3. In a large bowl mash the bananas. Add in the melted coconut oil, porridge oats and coconut flour. Mix well
  4. Stir in the chocolate chips and walnuts.
  5. Tip the mixture into your prepared baking form, press down with a spoon and bake for 30min or until golden brown.


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ANYTIME FRUIT AND NUT BARS

ANYTIME FRUIT AND NUT BARS

Few years ago I read an article written by a mum who decided to take all electronic devices away from her kids during their summer holidays. She was astounded how quickly they started to entertain themselves (surprisingly no boredom). I am not as brave as this mum, but I have been setting limits on the screen time. I do it anyway, but during school holidays there are hours to fill unlike during school year.

It has been great to see, that on the days when we don’t have plans to go out, kids have found ways to enjoy themselves. We’ve had endless diving into the paddling pool to fish out toys, tennis rackets came out of their hibernation (my son spent three hand blistering hours bashing the ball against the house on one day), we had bobbing for toys in the kitchen sink (= flood) and numerous (very loud) games of UNO. Star Wars Lego has been spread all over my son’s floor (I forgot how painful stepping on a lego brick can be). My daughter has started her own “all about the human body” book and has put together numerous dance shows for me to watch. The best thing, they have been spending a lot time together without much bickering. The dreaded words "I am bored" haven't been heard much either.

The point is kids are pretty good at entertaining themselves when the push the button entertainment is taken away. It is noisier but happier without TV, Xbox or ipad. It is also healthier. And to fuel them I have made these anytime bars. I call them anytime bars because they can be eaten for breakfast, as a snack and they are also perfectly portable to take to picnics. They are rather open to variations, just swap the nuts and dried fruits for whatever you happen to have in your pantry :)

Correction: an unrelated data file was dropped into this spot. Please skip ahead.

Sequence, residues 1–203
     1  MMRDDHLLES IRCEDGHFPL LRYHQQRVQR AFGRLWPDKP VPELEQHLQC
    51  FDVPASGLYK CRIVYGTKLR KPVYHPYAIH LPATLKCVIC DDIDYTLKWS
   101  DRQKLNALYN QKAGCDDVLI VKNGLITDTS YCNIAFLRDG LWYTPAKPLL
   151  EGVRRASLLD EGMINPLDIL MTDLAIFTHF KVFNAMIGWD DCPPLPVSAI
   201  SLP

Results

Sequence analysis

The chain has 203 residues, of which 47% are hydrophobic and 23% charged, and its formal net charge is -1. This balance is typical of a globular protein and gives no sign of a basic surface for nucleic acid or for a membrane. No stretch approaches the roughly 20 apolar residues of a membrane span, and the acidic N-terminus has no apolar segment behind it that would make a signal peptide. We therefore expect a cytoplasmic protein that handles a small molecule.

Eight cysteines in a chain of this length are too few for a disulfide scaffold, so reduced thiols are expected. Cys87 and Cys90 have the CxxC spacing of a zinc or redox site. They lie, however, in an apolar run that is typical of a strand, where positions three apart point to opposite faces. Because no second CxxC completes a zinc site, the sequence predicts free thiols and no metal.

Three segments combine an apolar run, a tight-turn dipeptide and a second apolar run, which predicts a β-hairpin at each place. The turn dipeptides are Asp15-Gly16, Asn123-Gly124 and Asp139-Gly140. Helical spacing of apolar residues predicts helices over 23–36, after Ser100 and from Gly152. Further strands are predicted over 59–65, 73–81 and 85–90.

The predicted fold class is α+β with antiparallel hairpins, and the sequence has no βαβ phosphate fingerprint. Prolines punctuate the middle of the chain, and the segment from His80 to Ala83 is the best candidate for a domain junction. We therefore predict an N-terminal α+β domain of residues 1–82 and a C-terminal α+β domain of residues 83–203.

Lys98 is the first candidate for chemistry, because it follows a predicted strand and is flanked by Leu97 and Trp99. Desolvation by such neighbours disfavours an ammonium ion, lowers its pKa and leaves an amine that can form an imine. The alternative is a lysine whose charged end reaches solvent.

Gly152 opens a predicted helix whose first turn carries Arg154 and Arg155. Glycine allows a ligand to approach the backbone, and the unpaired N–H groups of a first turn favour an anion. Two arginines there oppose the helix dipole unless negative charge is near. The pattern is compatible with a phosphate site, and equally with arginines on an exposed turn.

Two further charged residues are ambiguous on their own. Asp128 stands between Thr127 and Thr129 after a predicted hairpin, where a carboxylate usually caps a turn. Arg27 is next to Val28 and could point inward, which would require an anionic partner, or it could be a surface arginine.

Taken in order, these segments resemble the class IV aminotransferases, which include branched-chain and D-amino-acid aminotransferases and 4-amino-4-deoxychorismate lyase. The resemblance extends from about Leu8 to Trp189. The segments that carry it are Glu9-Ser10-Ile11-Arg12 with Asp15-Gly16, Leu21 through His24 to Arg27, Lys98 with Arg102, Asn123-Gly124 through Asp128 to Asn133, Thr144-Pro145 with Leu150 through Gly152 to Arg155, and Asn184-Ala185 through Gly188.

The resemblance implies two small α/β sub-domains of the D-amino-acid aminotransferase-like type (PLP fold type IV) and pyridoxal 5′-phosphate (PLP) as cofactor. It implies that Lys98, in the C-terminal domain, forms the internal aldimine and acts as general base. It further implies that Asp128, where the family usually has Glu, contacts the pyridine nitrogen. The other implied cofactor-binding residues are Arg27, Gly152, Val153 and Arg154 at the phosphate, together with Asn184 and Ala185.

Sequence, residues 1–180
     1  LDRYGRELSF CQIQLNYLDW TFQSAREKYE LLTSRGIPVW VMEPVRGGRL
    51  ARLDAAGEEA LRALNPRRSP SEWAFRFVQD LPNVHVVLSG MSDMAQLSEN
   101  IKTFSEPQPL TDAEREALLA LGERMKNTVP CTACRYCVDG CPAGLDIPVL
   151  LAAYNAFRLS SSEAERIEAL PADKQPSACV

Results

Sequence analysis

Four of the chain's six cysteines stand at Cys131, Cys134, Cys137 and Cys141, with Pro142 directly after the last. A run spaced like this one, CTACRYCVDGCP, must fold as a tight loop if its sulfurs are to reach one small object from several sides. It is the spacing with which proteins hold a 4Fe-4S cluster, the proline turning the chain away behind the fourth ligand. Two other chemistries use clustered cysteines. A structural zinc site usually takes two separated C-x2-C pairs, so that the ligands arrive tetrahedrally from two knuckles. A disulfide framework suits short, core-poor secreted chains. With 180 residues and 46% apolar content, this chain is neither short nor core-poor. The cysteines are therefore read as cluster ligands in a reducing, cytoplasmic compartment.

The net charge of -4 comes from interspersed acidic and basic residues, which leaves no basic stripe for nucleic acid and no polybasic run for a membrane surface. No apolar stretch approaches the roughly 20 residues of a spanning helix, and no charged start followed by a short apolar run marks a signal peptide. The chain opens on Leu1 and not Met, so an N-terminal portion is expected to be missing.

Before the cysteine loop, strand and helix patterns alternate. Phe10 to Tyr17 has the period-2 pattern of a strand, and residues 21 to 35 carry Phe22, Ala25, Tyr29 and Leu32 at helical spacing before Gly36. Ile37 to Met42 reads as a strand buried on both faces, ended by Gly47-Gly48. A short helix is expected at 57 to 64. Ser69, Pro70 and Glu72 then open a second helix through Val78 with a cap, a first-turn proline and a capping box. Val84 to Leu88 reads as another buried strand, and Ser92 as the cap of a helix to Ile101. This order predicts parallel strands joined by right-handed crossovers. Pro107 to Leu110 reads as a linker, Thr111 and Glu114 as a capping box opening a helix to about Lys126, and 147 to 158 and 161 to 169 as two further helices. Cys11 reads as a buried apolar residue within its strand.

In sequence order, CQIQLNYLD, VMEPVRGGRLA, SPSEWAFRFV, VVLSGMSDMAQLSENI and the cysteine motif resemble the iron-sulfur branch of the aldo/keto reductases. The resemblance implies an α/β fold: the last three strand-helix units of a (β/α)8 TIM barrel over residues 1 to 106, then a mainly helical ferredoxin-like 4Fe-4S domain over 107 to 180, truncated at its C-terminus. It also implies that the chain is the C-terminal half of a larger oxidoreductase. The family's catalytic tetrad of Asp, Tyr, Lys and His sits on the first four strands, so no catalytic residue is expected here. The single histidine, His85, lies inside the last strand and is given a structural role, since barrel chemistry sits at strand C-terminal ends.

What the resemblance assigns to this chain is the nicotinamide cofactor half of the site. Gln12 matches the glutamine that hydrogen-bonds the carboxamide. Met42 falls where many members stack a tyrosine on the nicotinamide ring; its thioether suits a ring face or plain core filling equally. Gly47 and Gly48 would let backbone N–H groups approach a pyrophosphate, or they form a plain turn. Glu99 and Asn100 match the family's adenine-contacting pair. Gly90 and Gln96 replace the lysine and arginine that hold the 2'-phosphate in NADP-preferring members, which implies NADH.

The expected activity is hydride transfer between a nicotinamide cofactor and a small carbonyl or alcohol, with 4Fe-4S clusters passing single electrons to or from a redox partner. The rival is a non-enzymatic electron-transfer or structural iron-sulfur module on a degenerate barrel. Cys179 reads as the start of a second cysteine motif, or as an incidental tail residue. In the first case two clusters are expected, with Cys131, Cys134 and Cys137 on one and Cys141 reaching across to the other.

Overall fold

anytime-bars


ANYTIME FRUIT AND NUT BARS

makes 10 -12 bars

ingredients
1 cup porridge oats
1 cup spelt flour
1 banana
4 Mejdol dates
1/2 cup of non dairy milk
1/2 cup raisins
1/2 cup pecans
1/2 cup cranberries
1/2 -1 tsp cinnamon
1 apple, finely diced

  1. First combine the oats and spelt flour in a large bowl.
  2. In a blender combine the banana, Medjol dates and the non dairy milk. Blend till smooth. Add to the flour/oat mixture.
  3. Add the rest of the ingredients. Mix well.
  4. Spread the mix into a baking paper lined 10x6 (15x25cm) baking dish, press down firmly. Bake in 180C oven for 30-40 min or until golden brown on the top.
  5. Let the bake cool down, cut into bars and enjoy. Store in an air tight container for up to 4 days.

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BAKED SWEET POTATO FALAFELS

BAKED SWEET POTATO FALAFELS

The other day my son told me how a boy from his class bought a pack of biscuits for breakfast and brought it to school. My son was pretty pleased because his friend share the biscuits (and trans fats!) with his school mates.

My friend and I were talking about this over a nice lunch. We were trying to get our heads around how a 10 year old can be put in charge of buying his breakfast. I know he is not the only one, I hear stories of my son’s school friends buying extra large chocolate bars and cans of Red Bull before school.
We are both mum’s who understand how important good nutritions is for everybody, and especially growing kids. We can’t imagine being is a situation where we wouldn’t have anything in the house for kids to eat at breakfast. But there are households where this is the case, it is easier to give a child couple of quid and send them to a shop. I find that very sad. Especially since there has been a 4 fold increase in children treated in hospital for conditions linked to obesity.